Change Your Mind, Change Your Life, Change The World
"The only consistent in life is change." Change can mark a longed-for transition--we look forward to changing from kids to adults, from students to professionals. Change is necessary for growth, and without it we wouldn’t be able to serve each other the way we do now. Like the changing of seasons, a change is sometimes needed to transition into something else.
However, while some changes are beautiful and anticipated, changes can also be traumatic, unexpected, devastating. Every American was changed by the mass shooting last week in Las Vegas. Whether for a moment or for a lifetime, the news of the horrific injuries and loss of life—59 killed and 515 injured at the time of this writing—causes each of us to determine where we stand on the issue of firearm regulations, of the treatment of the mentally ill, of what we’re willing to accept or speak out against. Our American history was changed in a moment, and we are left to determine how we are going to grow.
As medical professionals, we see tragedy from the inside. We are among the first to speak, talk to and touch the victims after the event. We are the ones on the front lines, when the shock is palpable, the emotion is raw, and the outcome is uncertain. We are called in this moment to provide answers we don’t know, courage we can’t guarantee, and sometimes hope we can’t feel. The strength, determination and courage shown by the medical teams in Las Vegas were incredible, and they continue to treat and heal these victims today.
After the tragedies of Sandy Hook, the Pulse Nightclub, and now Las Vegas, it can be incredibly difficult to maintain the idea that we are truly making a difference in the world. The victims in Las Vegas were at the height of community, sharing a common bond of music to unite and celebrate. This was a “safe” venue, precautions were taken…and yet the unthinkable happened. We can be filled with a sense of dread that mass tragedy can happen at any moment, and we are powerless to stop it.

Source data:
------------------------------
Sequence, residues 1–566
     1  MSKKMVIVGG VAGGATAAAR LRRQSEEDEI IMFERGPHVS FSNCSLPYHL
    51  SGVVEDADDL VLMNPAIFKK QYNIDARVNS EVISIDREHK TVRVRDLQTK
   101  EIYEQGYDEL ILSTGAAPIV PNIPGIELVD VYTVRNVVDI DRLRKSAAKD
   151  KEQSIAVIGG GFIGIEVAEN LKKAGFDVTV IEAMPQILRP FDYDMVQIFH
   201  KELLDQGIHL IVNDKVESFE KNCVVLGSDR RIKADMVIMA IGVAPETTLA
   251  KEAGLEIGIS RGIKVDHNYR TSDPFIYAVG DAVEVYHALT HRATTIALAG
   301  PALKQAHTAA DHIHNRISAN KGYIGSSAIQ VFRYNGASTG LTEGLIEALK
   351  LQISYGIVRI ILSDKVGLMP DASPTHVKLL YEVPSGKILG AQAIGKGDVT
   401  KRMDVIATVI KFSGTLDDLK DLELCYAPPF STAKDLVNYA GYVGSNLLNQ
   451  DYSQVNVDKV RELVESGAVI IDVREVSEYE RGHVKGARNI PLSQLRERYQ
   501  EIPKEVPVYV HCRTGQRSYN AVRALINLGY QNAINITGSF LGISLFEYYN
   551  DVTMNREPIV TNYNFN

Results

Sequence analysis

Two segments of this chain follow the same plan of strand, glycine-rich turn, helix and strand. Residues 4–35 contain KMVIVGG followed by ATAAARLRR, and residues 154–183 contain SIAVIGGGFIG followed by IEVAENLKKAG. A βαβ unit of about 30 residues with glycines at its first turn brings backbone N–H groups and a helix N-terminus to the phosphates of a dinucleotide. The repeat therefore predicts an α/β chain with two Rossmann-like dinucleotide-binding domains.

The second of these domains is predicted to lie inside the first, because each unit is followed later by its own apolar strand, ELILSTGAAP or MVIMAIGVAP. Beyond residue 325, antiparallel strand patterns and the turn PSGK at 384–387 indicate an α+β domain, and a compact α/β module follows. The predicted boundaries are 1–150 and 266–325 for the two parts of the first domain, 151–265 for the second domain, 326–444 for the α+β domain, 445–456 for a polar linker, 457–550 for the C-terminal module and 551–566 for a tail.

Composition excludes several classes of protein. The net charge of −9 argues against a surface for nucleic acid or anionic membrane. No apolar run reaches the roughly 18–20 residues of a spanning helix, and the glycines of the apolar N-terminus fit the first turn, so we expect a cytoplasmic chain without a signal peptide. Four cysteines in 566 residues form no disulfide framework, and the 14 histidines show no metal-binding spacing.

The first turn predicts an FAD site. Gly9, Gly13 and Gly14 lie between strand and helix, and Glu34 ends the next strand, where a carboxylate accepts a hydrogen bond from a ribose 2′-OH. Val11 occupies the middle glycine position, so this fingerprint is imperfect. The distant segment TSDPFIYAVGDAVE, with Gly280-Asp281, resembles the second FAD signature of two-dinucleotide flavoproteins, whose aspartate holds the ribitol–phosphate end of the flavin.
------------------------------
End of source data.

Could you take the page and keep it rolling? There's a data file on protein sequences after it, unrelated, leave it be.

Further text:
What do we do with this unexpected, tragic change in our American history, and how do we choose to grow as a result of this experience?
Growing in fear is not the answer for us as medical professionals. Courage is embedded within us. We call on our courage daily in our own practice and we watched as courage overcame chaos in Las Vegas. We watched first responders jumping into action to provide immediate assistance, total strangers driving wounded victims to hospitals, doctors, nurses and medical staff working hours on end in blood-smeared hallways to give their time and talents to the victims—maybe you were one of those angels in scrubs. This change was not meant for us to transition more deeply into fear. The world needs us to show courage in the face of our uncertainty.